More than 70 eminent local and foreign arbitration practitioners gathered at Maxwell Chambers on 1 November 2011 to discuss Singapore’s arbitration landscape and its development at the Ministry of Law’s (MinLaw) Arbitration Dialogue 2011.
The event was graced by the Minister for Law, Mr K Shanmugam, who highlighted Singapore’s progress towards becoming a leading international arbitration hub, and MinLaw’s plans to strengthen this status.
The opening dialogue session, chaired by the Attorney-General, Mr Sundaresh Menon SC, and panellists including Mr Michael Ashcroft QC of 20 Essex Street and Mr John Savage from King and Spalding, looked at MinLaw’s proposed amendments to the Singapore International Arbitration Act. The Act was put out for public consultation on 21 October 2011.
There was a high quality discussion, with various arbitration practitioners and academics voicing their views on the proposed changes. Panellists and participants were generally supportive of the proposed amendments and felt that they would be beneficial to and further modernise Singapore’s legal framework for arbitration, although a few concerns were raised. The Ministry will be considering these views and feedback in finalising the Bill. There was particular interest in the new provisions of supporting the appointment of emergency arbitrators, and allowing parties to appeal to court against a tribunal’s finding that it has no jurisdiction to hear a dispute.
Representatives from the Singapore International Arbitration Centre (SIAC), Singapore Chamber of Maritime Association (SCMA), Maxwell Chambers, Singapore Institute of Arbitrators (SiArb) and the Economic Development Board (EDB) gave positive updates on Singapore’s growing arbitration landscape. Justice Quentin Loh also spoke about the courts’ role in developing a greater spirit of internationalism in arbitration cases by considering foreign and international sources of law, particularly civil law concepts. Participants also discussed how Singapore’s alternative dispute resolution (ADR) system could be strengthened by developing other forms of ADR, such as mediation, in tandem with arbitration. The programme for the dialogue is in the Annex.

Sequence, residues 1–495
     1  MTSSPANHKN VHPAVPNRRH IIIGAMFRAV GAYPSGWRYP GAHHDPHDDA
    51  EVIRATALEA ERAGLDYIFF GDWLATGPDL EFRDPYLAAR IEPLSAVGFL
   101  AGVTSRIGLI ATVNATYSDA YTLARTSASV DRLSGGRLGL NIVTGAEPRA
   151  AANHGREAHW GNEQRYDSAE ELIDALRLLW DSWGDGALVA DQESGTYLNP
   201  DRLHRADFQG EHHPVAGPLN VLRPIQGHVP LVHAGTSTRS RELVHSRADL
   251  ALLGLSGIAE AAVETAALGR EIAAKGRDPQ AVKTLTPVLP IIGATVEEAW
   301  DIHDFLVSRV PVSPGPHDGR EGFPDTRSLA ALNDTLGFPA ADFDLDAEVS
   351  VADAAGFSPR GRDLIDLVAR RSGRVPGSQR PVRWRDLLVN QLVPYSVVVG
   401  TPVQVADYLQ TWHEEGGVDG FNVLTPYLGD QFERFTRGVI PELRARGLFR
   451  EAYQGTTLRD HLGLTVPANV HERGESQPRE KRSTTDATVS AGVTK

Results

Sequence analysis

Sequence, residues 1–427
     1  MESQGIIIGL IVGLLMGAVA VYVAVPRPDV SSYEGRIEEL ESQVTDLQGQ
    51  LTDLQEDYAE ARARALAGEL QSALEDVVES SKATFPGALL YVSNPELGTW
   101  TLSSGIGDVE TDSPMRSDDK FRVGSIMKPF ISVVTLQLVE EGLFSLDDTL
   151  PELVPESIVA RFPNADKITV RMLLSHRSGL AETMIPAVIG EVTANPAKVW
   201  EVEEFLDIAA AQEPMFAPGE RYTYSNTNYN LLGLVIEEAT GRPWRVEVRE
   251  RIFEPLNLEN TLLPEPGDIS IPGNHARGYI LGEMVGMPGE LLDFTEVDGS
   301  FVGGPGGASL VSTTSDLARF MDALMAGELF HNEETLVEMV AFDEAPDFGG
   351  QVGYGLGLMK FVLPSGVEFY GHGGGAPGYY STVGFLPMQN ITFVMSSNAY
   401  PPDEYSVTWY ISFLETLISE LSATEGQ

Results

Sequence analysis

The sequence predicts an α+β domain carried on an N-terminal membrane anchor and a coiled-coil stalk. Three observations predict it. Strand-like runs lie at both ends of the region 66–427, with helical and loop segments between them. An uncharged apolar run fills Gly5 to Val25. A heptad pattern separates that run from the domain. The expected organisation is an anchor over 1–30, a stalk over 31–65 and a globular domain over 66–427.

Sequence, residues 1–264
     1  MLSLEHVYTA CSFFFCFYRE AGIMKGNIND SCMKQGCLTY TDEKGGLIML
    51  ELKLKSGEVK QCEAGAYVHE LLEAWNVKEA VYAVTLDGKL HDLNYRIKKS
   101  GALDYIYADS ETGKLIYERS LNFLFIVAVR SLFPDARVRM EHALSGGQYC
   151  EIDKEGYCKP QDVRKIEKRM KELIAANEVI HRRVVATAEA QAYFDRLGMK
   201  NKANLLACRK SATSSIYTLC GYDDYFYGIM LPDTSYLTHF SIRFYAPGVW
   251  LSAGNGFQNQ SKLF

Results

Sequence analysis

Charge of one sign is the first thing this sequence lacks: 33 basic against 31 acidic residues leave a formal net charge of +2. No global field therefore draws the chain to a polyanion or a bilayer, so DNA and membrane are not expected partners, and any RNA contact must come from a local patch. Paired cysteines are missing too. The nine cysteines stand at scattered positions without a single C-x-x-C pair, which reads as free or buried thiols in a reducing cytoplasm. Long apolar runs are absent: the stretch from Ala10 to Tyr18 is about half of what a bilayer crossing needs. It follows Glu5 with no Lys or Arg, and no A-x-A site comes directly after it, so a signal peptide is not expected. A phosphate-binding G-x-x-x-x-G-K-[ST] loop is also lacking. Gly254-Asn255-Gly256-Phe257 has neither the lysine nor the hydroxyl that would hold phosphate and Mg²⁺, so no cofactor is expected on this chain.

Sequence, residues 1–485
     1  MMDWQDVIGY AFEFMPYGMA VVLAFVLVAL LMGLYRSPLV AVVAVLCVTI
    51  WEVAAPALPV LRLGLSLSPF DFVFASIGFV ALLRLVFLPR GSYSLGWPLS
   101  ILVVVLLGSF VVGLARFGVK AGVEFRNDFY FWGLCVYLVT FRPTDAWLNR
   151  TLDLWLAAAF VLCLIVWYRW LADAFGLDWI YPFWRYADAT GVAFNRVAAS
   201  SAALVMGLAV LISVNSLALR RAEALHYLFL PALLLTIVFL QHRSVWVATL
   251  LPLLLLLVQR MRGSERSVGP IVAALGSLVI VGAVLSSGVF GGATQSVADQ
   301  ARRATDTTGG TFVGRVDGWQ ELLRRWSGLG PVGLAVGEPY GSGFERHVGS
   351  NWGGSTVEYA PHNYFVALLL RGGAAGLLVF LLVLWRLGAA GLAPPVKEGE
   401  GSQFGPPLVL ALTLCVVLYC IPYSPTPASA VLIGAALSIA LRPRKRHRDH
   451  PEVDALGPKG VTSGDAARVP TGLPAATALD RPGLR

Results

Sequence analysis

Singapore has, in the past few years, made progress in building herself up as a centre for arbitration activity. A White & Case survey in 2010 noted that Singapore “has made a mark on the arbitration landscape” and “clearly emerges as the most popular Asian seat”. Key to this has been Singapore’s track record in enforcing agreements to arbitrate and enforcing arbitral awards, as well as its strong neutrality and impartiality. The survey also ranked Singapore third among the arbitration seats most preferred by corporations (together with Paris and Tokyo, and after the established seats of London and Geneva).
The Arbitration Dialogue 2011 is another milestone in MinLaw’s ongoing efforts to engage key stakeholders within the arbitration community and to provide a platform for the industry to network and contribute their views to further the development of Singapore as a legal services and international dispute resolution hub.
The public consultation on the International Arbitration Act will close on 21 November 2011.